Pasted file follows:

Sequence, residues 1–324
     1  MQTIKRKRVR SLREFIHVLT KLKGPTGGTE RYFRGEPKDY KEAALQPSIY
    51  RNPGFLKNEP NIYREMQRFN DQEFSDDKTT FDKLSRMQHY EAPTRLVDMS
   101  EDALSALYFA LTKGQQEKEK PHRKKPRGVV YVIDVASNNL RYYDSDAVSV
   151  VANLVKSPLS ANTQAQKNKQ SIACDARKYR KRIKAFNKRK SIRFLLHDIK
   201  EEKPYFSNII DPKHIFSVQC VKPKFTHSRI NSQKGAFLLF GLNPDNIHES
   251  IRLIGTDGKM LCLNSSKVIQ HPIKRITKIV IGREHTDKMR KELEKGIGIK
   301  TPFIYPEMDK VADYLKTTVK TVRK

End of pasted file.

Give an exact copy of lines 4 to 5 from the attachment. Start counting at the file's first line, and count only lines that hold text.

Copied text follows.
   101  EDALSALYFA LTKGQQEKEK PHRKKPRGVV YVIDVASNNL RYYDSDAVSV
   151  VANLVKSPLS ANTQAQKNKQ SIACDARKYR KRIKAFNKRK SIRFLLHDIK